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The Return of Qakbot: Navigating New Threats in 2024 

February 1, 2024

2023 appeared to be a pivotal year for combating malware. Despite the alarming 95% year-over-year expansion in ransomware attacks, a major player in malware was disrupted by law enforcement. The FBI and the Cybersecurity and Infrastructure Security Agency (CISA) joined forces with international agencies in August to collapse the network of Qakbot, an infamous botnet known for spreading ransomware and evading detection.

However, this reprieve lasted only a few months until it reappeared in a new form, exploiting PDF and Excel files.

This article will dive deep into Qakbot, exploring its destruction and resurgence while providing actionable insight into how to prevent it from disrupting your business in the future. 

Understanding Qakbot 

Qakbot is a sophisticated version of malware that has been around for over a decade. It has been distributed under several names, such as Qbot or Pinkslipbot. Having started as a banking trojan, Qakbot has evolved into a complex and versatile malware multi-tool. Its modular design allows malware to carry a variety of payloads, but its core functionality uses keylogging and web injections to steal financial data and personal credentials.  

As a threat, Qakbot goes beyond data theft, self-propagating across networks, and leveraging complex attack techniques, including vulnerability exploitation and brute-forcing passwords. Compounding this threat is Qakbot’s capacity to serve as a delivery mechanism for other malicious payloads, including ransomware. Part of what makes Qakbot notorious is its persistence. It uses advanced evasion tactics to avoid detection by security software, constantly updating and adapting to countermeasures. 

Qakbot Almost Falls

Qakbot was first identified in 2008 as purely a banking trojan. In these early years, it infiltrated banking systems and siphoned off financial data and personal credentials. Over the following 12 years, Qakbot’s designers added additional features and functions, slowly evolving it to deliver different payloads such as ransomware and other malware. This evolution allowed it to grow beyond a singular focus on financial data into a multi-functional tool, making it useful in a wide range of cybercrime. 

The evolution of Qakbot culminated in the release of a new version in 2020. This update was widely adopted by cybercriminals, resulting in a 465% spike in cyberattacks involving it and necessitating CISA and the FBI to respond to the heightened threat. Each issued multiple warnings and advisories, providing essential mitigation strategies and indicators of compromise to help organizations defend against Qakbot’s tactics.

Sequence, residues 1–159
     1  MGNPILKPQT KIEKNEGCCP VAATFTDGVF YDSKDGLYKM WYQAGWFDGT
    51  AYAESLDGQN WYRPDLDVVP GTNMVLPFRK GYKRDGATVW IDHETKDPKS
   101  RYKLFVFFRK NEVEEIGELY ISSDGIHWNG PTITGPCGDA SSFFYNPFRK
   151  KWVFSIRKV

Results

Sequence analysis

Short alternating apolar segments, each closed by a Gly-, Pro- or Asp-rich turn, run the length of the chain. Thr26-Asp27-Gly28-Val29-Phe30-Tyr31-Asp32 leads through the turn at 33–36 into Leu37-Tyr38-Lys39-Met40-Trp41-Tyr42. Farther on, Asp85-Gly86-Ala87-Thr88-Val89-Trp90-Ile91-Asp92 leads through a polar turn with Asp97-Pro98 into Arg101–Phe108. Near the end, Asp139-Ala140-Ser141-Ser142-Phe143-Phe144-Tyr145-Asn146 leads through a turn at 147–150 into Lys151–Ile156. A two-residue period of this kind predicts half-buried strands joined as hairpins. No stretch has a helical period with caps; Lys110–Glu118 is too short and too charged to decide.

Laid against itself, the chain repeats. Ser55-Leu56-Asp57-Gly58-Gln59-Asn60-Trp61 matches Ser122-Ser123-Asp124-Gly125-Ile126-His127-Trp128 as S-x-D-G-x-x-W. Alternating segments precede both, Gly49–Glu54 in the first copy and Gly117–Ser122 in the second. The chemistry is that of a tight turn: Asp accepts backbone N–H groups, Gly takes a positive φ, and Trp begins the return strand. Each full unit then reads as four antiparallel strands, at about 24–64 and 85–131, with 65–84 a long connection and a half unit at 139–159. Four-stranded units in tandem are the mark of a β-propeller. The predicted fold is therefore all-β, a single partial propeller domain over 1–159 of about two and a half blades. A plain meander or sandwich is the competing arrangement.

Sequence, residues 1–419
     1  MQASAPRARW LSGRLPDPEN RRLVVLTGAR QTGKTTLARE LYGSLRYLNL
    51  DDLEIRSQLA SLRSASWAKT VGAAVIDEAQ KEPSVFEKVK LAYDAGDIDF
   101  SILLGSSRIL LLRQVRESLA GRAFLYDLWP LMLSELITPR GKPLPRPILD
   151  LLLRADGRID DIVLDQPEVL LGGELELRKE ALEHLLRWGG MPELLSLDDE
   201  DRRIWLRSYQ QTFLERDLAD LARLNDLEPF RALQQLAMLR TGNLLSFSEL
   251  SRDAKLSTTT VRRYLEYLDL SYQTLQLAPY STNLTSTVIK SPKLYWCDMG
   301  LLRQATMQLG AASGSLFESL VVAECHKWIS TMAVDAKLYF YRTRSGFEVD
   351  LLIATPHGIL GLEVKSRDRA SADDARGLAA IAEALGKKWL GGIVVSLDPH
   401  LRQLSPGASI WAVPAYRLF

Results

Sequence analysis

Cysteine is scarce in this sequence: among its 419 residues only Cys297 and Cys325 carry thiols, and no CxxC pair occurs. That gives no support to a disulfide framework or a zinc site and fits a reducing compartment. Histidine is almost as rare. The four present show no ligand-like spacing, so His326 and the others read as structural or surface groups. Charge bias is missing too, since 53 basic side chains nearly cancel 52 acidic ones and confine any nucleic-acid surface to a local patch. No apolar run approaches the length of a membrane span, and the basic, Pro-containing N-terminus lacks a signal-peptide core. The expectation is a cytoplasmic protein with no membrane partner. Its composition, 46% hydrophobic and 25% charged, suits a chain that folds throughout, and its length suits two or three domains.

While on the surface, it appeared that CISA and the FBI were only monitoring Qakbot, more extensive actions were being taken. It started with them issuing a joint advisory on August 25, 2023, focusing on identifying and disrupting Qakbot’s infrastructure. This was followed by a coordinated multinational operation on August 29, 2023, led by the FBI and international partners, successfully disrupting the Qakbot infrastructure. They severed the connection between the botnet’s command and control servers and 700,000 infected computers globally, 200,000 of which were in the U.S. To prevent a new botnet from being created, the FBI redirected Qakbot traffic to servers under their control, which auto-deployed an uninstaller to remove the malware from infected systems. 

While this effort to disrupt Qakbot appeared to be the end, the cybercriminals behind Qakbot were not captured as part of the operation, allowing them to come back with a new version. 

Qak Comes Back

Despite the network disruption caused by the FBI and CISA, Qakbot has been rediscovered now weaponizing PDF files and Microsoft Excel through Google Chrome. While each uses a different methodology for launching Qakbot, the Excel and PDF attacks share a common theme: the Qakbot software is being embedded within seemingly safe files. Because users identify these files as safe, they rarely take additional precautions when opening them, which, unfortunately, is exactly what causes the attack to execute. Once the file is open, the hidden payload launches its specific exploit, causing Qakbot to be quietly installed, starting a multi-step attack that silently propagates the malware to other visible systems. 

How Qakbot Infections Work

Part of the danger of Qakbot was its versatility in being more than another generic malware. It operates using a variety of tactics and techniques to integrate additional payloads and evade detection. 

Its operation can be broken down into several key aspects:

  1. Initial Infection: Qakbot typically infiltrates systems through phishing emails containing malicious attachments or links. The malware will be installed on their computer once users click these attachments or links.